Secrets of Hand-Holding
by Joseph Morlan
Most people who are serious about digiscoping use an adapter to attach the camera to their spotting scope. Several
scope manufacturers sell adapters specifically made for their scopes and which work with a variety of cameras.
There are also a variety of home-made adapters available. One reason adapters have become almost universal is that
attempts to hand-hold a camera to a spotting scope, often result in blurry, unsatisfying images. Much of this blurriness
can be eliminated by using an adapter which centers the camera to the scope eyepiece, and holds the camera steady.
However, there are ways to eliminate blurriness without using an adapter if you select the right equipment and give up certain bad habits. I believe some of these "secrets" can also significantly improve digiscoping results with an adapter as well as without one.
Here are my "secrets," learned by experience:
1. Use a fixed power wide-angle eyepiece on your scope! Zoom eyepieces introduce optical problems that are hard to eliminate. Fixed power eyepieces can offer a field of view wide enough to reduce vignetting substantially without sacrificing image quality.
2. Use an angled eyepiece. It is awkward to hand-hold a camera up to a straight-through eyepiece. An angled eyepiece allows gravity to help center and stabilize a handheld camera. An angled eyepiece also allows use of a smaller, lighter tripod without sacrificing stability. More on this below.
3. Use a scope with ED (extra-low dispersion) glass or equivalent. Digiscoping is a kludge, and you cannot afford to lose any of the color or brilliance because of inferior optics. ED glass is very expensive, but well worth the extra cost if you plan to use your scope for digiscoping.
4. Do not zoom your camera! Zooming your camera can eliminate vignetting, and give you a larger image, but it introduces other, more serious problems. You are far better off suffering with some vignetting than you are trying to get a better picture by zooming. A zoomed camera, including optical zoom, will almost invariably produce an inferior picture because it reduces the amount of light reaching the camera sensors, reduces depth of field, and makes your rig more sensitive to motion blur.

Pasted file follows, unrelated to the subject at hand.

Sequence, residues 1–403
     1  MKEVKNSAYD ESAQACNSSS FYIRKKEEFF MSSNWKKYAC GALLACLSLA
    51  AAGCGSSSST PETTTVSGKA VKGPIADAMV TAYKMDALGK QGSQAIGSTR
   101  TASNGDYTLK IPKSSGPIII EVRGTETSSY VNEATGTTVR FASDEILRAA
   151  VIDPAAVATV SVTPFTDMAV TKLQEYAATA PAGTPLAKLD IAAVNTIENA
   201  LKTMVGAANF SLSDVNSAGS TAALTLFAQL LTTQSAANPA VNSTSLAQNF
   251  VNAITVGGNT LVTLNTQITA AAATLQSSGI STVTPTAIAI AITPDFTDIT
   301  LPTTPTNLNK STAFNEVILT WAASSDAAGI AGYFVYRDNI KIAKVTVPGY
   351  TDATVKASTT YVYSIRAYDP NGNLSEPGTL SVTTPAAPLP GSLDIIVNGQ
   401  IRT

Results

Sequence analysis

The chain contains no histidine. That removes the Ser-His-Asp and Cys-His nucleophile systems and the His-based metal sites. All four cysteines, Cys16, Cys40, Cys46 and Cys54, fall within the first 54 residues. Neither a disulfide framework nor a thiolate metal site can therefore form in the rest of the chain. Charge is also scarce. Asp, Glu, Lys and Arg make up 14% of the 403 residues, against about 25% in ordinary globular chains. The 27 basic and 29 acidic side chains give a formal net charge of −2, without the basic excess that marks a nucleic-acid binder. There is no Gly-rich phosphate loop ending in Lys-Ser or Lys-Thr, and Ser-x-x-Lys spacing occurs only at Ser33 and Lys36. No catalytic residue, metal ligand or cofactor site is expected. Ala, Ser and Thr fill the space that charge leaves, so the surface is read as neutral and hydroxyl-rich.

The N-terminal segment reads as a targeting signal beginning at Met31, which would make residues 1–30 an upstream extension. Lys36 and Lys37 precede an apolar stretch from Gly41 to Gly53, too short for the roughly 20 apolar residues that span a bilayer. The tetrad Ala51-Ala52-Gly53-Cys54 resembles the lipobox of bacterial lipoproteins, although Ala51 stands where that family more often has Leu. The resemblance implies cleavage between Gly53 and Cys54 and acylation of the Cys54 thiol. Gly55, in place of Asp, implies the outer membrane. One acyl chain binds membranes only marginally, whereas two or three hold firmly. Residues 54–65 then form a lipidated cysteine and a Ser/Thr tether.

5. Find a camera that matches your scope/eyepiece combination. Once you have settled on the eyepiece you are going to use, you need to select a camera that fits. Take your scope to the camera store and try out various cameras until you find one that works for you. Use a pinch-grip to hand-hold the camera over the scope (see photo). Ideally, the camera lens should center easily over your eyepiece without touching the glass and should produce a full, non-vignetted image at 1X camera power. There is no shortcut to predicting which camera will work with your scope and eyepiece other than trying until you find a good match.
6. Get closer to the bird. Although digiscoping offers photo opportunities of distant birds that would not be possible any other way, it really shines when you are close. Zooming is not the answer. Zooming is the problem. If you have a heavy scope/tripod combination it can be clumsy or difficult to move your setup to close the distance to the bird. But a more lightweight combination afforded by an angled eyepiece (see photo) allows more flexibility and agility in approaching the bird or adjusting your position for better light angle.
7. Do not raise the elevator on your tripod. A lightweight tripod with the elevator (central post) all the way down is usually more stable than a heavy tripod with the elevator raised. If you crank up the elevator on any tripod you will create a less stable mount. Buy a tripod with long legs so you can use it without raising the elevator.
8. Take lots of pictures. Start shooting as soon as feasible and keep shooting until the bird is gone. If your camera uses auto-focus, some photos will be better than others even if nothing has changed between shots. Auto-focus is an inexact technology and is particularly sensitive when digiscoping. There is no film to waste, so take lots of pictures and you will increase your chances that some of your photos will be keepers.
9. Learn to use photo editing software. In this digital age, you are not just a photographer, you are
also the developer. An advantage of digital photography is that you control the development process (usually called
post-processing). Most images can be improved by photo editing software. There are many biases that can be introduced
by lighting and camera anomalies. The goal is to correct these. Different kinds of editing may be needed depending
on whether you intend to display your images on the web or create prints. Most photo editing software is complex
and includes features you may never need. Basic photo editing involves learning how to crop, resize, adjust contrast,
adjust levels, adjust color saturation, adjust shadows & highlights, and sharpen (use unsharp mask if available).
The ultimate goal is always to make your photo appear as close as possible to the way the bird looked in life.
If anybody is interested, I have several albums of digiscoped bird and wildlife photos, all taken hand-held at: http://community.webshots.com/user/joemorlan, at: http://fog.ccsf.edu/~jmorlan/trips.htm, and at http://fog.ccsf.edu/~jmorlan/newgallery.htm.